Thursday, May 08, 2008

Battle for Abkhazia intensifies

Both Russia and Georgia have accused each other of escalating military tensions in the breakaway Caucasus republic of Abkhazia. Extra Russian troops began arriving in the republic last week taking the total number close or possibly beyond the 3,000 limit allowed under a UN-brokered ceasefire agreement signed in 1994. The Russians say their move is necessary to stop a planned Georgian military operation to regain control of the region it lost in the early 1990s. Georgia, in turn, has accused Russia of annexing the territory and plans to add to their own presence in Abkhazia. They point to a Russian defence spokesman who told Agence France Press on the weekend the number of Russian soldiers in Abkhazia is already greater than 3,000.

This was denied today by Russian Ministry of Defence (MOD) who said they remain well under the 3,000 troop limit with 2,542 “peacekeepers” in the region. They warned they would send more but would remain under the limit. The MOD released a statement overnight said the increase in troop numbers “has only one goal – to maintain peace and avoid bloodshed.” They claim the force has “an important stabilising role”. “Today Russian peacekeepers continue to fulfil their tasks, acting in accordance with the mandate of the CIS peacekeeping forces and international norms,” said the statement “They have proven the necessity of their presence in the conflict zone.”

Abkhazia has long been a complex conflict zone. While international maps place Abkhazia within Georgia’s borders, it has been a de facto independent republic since it seceded from the newly created nation of Georgia in 1992. Abkhazia had been part of the Russian Empire since 1810. Originally a separate republic within the Soviet Union, it was forced to join the Georgian Socialist Soviet Republic in 1931 under the orders of Georgian-born Iosif Vissarionovich Dzhugashvili, better known as Stalin. Georgian became the official language and the Abkhaz language and cultural rights were repressed.

When the Soviet Union collapsed in 1991, an anti-Georgian resistance movement grew in the capital Sukhumi. Tbilisi sent in troops to enforce Georgian rule. In late 1993, they were driven out amidst fierce fighting in which several thousand people died and Sukhumi bombed. Abkhazia declared independence early in 1994. No other country has recognised Abkhazian independence and major international organisations such as the UN, EU and NATO recognize Abkhazia as an integral part of Georgia. An economic embargo remains in force crippling the local economy while Russia and Georgia nibble away at the edges each hoping to advance their own cause.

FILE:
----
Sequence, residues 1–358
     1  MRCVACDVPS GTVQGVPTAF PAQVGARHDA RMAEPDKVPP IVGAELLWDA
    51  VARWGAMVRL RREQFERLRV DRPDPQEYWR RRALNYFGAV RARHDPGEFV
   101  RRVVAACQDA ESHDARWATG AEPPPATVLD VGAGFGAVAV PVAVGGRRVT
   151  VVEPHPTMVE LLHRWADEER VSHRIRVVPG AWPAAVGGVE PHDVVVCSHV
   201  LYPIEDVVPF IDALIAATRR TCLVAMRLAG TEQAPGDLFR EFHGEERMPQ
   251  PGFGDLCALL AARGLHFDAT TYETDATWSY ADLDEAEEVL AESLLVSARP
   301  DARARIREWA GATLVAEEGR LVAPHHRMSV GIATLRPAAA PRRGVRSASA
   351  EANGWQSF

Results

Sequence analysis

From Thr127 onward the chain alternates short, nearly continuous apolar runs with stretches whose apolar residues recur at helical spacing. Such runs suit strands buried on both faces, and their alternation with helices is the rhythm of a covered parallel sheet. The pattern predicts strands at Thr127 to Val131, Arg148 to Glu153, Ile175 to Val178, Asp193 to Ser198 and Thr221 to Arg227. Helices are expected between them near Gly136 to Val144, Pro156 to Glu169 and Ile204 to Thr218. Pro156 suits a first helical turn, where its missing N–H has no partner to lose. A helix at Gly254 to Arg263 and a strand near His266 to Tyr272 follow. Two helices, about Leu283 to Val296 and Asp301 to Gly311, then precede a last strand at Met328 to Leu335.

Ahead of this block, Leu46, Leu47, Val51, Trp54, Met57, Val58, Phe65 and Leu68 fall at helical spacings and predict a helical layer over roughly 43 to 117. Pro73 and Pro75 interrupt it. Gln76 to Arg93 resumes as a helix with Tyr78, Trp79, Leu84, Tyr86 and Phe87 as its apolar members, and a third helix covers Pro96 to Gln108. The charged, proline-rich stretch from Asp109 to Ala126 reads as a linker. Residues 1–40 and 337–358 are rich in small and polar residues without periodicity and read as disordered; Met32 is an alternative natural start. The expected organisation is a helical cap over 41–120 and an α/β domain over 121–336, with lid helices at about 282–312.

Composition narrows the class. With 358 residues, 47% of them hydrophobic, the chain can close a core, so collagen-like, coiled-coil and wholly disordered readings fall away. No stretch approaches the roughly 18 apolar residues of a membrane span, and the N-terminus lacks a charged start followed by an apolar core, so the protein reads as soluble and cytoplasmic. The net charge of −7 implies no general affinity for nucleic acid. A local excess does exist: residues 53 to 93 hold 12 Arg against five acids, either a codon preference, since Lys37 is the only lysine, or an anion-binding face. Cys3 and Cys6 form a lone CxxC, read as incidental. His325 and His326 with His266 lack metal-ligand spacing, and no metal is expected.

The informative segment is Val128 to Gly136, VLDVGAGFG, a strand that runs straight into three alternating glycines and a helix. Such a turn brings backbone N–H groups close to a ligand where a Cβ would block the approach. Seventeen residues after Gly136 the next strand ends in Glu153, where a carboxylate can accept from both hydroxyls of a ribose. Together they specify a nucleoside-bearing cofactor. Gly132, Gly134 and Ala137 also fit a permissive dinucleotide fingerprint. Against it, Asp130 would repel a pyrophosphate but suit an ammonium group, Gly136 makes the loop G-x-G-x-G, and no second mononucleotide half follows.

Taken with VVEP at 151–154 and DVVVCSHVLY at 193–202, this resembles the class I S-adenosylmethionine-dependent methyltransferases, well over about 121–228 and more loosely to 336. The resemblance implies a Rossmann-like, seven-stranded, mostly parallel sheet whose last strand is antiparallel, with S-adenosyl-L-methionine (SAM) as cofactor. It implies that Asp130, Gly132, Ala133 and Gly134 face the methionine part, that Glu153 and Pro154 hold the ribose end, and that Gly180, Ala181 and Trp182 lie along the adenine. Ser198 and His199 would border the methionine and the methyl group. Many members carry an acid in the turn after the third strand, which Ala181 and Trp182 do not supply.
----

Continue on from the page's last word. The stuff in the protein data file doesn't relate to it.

In the latest squabble, the US and EU have come down firmly on the side of Georgia. Both have sharply criticised Russia for its actions in bolstering its military force in the mountainous border region with Abkhazia. EU external relations commissioner Benita Ferrero-Waldner made a deliberate point that Russia should respect “Georgia’s borders”. Meanwhile White House spokeswoman Dana Perino said that the troop increase and the Russian downing of an unmanned, unarmed Georgian spy plane in Georgian air space have “significantly and unnecessarily heightened tensions in the region.”

US National Security Advisor Steve Hadley also weighed into the debate citing his concern about Russia’s growing support for Abkhazia. He said the Bush administration expects to have good relations with newly installed Russian president Dmitri Medvedev (who remains a probable puppet of Putin) but wants Russia “to stop interfering in the internal affairs of Georgia”.

However not everyone sees Abkhazia as an internal affair of Georgia. Abkhazian President Sergei Bagapsh told Spain’s El Pais yesterday he expects his country will eventually achieve international recognition of its independence the same way that Kosovo did in February. But Bagapsh doesn’t merely want the Russians to recognise the country in revenge for US support Kosovo. “We want independence because we have a right to it. Because we have deserved it," he said. He also added that an independent Abkhazia would be a demilitarised country with no weapons or military units, but it would need security guarantees from other countries to achieve this. This was a clear warning to Georgia whom Bagapsh said was "a very aggressive country armed to the teeth by Europe.”

Abkhazia is one of two breakaway republics from Georgia, the other being South Ossetia. Neither has international recognition but both have stepped up their campaigns since Kosovo's declaration of independence. Russia has backed both claims and are particularly interested in Abkhazia 240km shoreline on the Black Sea. But Abkhazia is actually a secondary issue for Russia. What Putin and Medvedev really want is an end to NATO expansion at the expense of Russia. The Kremlin is furious over Georgia’s bid to join NATO and caused the organisation to postpone a decision on Georgia’s membership last month. The New York Times said that Russia having seen the success of their “bullying” on that score, have now decided to up the ante further. As a result, Abkhazia trembles on the poker table.

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